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Sedin twins’ struggles aren’t that different from other star slumps in recent Cup finals history

Jun 12, 2011, 9:48 PM EDT

Henrik Sedin, Daniel Sedin AP

Whenever a superstar player (or two, in this case) struggles on the league’s highest stage, the opposing defenses rarely get the credit they deserve. Usually media members and fans blame a deficit in an individual’s game – typically their “toughness” or ability to deal with pressure – for Stanley Cup finals failures.

The toughness factor certainly seems to be the major component of the criticism lobbed at the Vancouver Canucks’ Sedin twins, who are struggling to create their typically steady stream of offense against the Boston Bruins. Henrik Sedin hasn’t scored a single point in the 2011 finals series while reigning Art Ross Trophy winner Daniel Sedin scored a goal and an assist in Game 2 for his only points of the championship round. Henrik has a -2 rating so far while Daniel is -1.

For many old-timers, the Sedin twins fall victim to the supposedly “soft European” style of play that many believe doesn’t translate as well to the playoffs as the perceptively more “rugged” North American mindset. Yet when you also look at the struggles of two of the NHL’s biggest stars – two Canadian stars, by the way – in previous years, it’s clear that there’s nothing particularly special about the Sedins’ struggles. In fact, it’s possible that we probably should have seen it coming.

Jonathan Toews won last year’s Conn Smythe Trophy, but he was far from the finals MVP

It’s likely that more than a few sportswriters would love to depict Jonathan Toews as the mighty, hard-working antidote to the floating Sedin twins. Unfortunately for that knee-jerk reaction, the parallels between the Sedins’ slump and Toews’ title round torment are pretty clear.

In six games against the Philadelphia Flyers in the 2010 Stanley Cup finals, Toews managed three assists and an ugly -5 rating. Much like the Sedin twins, Toews was forced to deal with an all-world defenseman (Chris Pronger) and needed his teammates to help him win a Cup. As hot as Michael Leighton was during the playoffs, I think we can all agree that the Sedins also face a far more formidable goalie in Tim Thomas.

Sidney Crosby was often foiled by the Henrik ZetterbergNicklas Lidstrom combo

In 2009’s seven-game finals series against the Detroit Red Wings, Crosby managed just a goal and two assists with a -3 rating. Much like the Sedin twins against Zdeno Chara, Thomas and the Bruins’ forwards, Crosby found himself frequently frustrated by Lidstrom and Zetterberg.

Luckily for Crosby, Evgeni Malkin exploited the Red Wings’ lesser defensemen enough to win the team’s third Stanley Cup and take the Conn Smythe as well.


The Sedin twins don’t deserve a “free pass” for their struggles, but they shouldn’t be singled out as “soft” either. Crosby and Toews received some mild criticism when they had tough moments, but the speculation didn’t focus on some perceived lack of intestinal fortitude. (Unless you’re talking about Washington Capitals or Red Wings fans critiquing Crosby, but that’s another discussion for another day.)

It’s really not that tough to figure out why the Sedin twins are having so much troubling filling the net. Much like their first round series against 2010 Norris Trophy winner Duncan Keith and their second round skirmish with Norris finalist Shea Weber‘s Nashville Predators, the Sedin twins are trying to score points against some of the world’s best at denying scorers. It shouldn’t be surprising that the Sedins devoured a looser defense in the San Jose Sharks, either.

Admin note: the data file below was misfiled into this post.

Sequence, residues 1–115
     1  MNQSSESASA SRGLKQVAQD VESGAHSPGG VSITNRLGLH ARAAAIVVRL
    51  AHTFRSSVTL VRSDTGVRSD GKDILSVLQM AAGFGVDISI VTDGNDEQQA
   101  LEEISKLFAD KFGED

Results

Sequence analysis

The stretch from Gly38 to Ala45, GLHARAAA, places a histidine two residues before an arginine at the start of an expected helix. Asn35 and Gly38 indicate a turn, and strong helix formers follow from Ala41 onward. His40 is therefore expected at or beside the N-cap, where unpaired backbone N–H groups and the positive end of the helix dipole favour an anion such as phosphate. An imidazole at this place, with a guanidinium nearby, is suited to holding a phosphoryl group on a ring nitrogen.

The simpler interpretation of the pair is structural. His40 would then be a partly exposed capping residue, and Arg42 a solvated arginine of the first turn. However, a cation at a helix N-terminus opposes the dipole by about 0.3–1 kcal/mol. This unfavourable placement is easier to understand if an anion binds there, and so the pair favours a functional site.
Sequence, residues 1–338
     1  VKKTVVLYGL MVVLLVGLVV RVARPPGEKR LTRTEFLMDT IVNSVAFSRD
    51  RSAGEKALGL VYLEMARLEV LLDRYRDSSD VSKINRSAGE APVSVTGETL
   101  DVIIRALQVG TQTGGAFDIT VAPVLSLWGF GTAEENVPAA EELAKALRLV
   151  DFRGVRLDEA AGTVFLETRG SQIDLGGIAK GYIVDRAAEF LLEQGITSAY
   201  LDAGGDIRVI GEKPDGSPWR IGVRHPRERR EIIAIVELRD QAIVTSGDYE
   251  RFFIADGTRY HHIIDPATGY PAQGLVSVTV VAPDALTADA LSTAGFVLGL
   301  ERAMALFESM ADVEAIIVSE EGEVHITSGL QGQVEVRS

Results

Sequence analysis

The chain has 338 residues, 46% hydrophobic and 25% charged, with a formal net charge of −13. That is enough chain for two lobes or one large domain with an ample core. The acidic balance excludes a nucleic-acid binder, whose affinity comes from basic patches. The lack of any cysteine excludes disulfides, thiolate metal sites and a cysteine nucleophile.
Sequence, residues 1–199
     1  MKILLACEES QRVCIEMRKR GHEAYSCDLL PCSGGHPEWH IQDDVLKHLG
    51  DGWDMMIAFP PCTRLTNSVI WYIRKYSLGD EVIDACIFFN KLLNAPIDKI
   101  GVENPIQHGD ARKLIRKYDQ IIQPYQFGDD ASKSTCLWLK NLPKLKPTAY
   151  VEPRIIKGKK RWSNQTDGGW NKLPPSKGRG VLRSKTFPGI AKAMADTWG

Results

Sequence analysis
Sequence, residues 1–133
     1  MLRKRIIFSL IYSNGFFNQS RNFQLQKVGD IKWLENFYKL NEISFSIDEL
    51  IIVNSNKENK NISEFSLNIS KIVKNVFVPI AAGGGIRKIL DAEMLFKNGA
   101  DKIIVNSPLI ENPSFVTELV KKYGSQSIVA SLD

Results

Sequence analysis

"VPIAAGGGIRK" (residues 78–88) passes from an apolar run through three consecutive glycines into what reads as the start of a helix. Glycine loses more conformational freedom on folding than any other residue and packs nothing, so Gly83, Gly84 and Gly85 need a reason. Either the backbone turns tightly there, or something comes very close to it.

The Sedin twins aren’t above criticism for their struggles. The Canucks will probably need more production from them, whether it comes from the power play or 5-on-5 play. That being said, their issues have nothing to do with their manliness. It just shows that they’re human.

  1. warpstonebc - Jun 12, 2011 at 10:42 PM

    Doesn’t this trend just point out how absurd the NHL’s post-season standards are? When refs swallow the whistles, all that ends up is that thugs get more leniency to choke the skill out of the playoffs. I like 3rd and 4th line guys stepping up as much as anyone, but the post-season should be similar to the regular season. Games should be decided by legal play-making, not illegal play killing.

    • tommytd - Jun 12, 2011 at 11:27 PM

      The refs are swimming upstream…they work for a league that doesn’t enforce it’s own rules so what are they to do? If the NHL doesn’t get their act together and start enforcing their own rulebook, they’re going to get somebody killed one of these days and won’t that be a shame!

  2. polegojim - Jun 13, 2011 at 9:16 AM

    Sorry James, but it adds up exactly to softness and lack of toughness.

    They’re losing the individual battles and not showing any ability to adjust. Now is the time when elite players shine, and they’re doing anything but that. Will they break through?

    The Canucks are proving to be the better team, with Boston getting its little boost from the hit, but the Twins aren’t the reason.

    You boys above keep whining about the officiating. Imagine what it was like with no helmets, no pads, no visors… and then cry home to momma.

  3. jensen2401 - Jun 13, 2011 at 3:21 PM

    Good article…

    The playoffs in general and especially the finals often come down to whose got the more adaptable players. While I agree with polegojim that they’re having trouble adjusting, I don’t agree that that equates with softness and toughness. All it means is that they not adaptable.

    In my opinion, the only “shining elite player” in this series has been Thomas but Game 2 and Game 5 showed us that even if not the Sedins, then some of the Canucks are figuring out how to adapt to his style and get the puck past him.

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